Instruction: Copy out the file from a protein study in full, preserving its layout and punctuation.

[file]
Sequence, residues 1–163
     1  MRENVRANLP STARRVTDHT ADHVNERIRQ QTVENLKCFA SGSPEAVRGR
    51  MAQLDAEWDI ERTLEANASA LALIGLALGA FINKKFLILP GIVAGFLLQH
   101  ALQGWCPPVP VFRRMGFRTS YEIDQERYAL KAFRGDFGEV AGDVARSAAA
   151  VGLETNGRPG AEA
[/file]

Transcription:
Sequence, residues 1–163
     1  MRENVRANLP STARRVTDHT ADHVNERIRQ QTVENLKCFA SGSPEAVRGR
    51  MAQLDAEWDI ERTLEANASA LALIGLALGA FINKKFLILP GIVAGFLLQH
   101  ALQGWCPPVP VFRRMGFRTS YEIDQERYAL KAFRGDFGEV AGDVARSAAA
   151  VGLETNGRPG AEA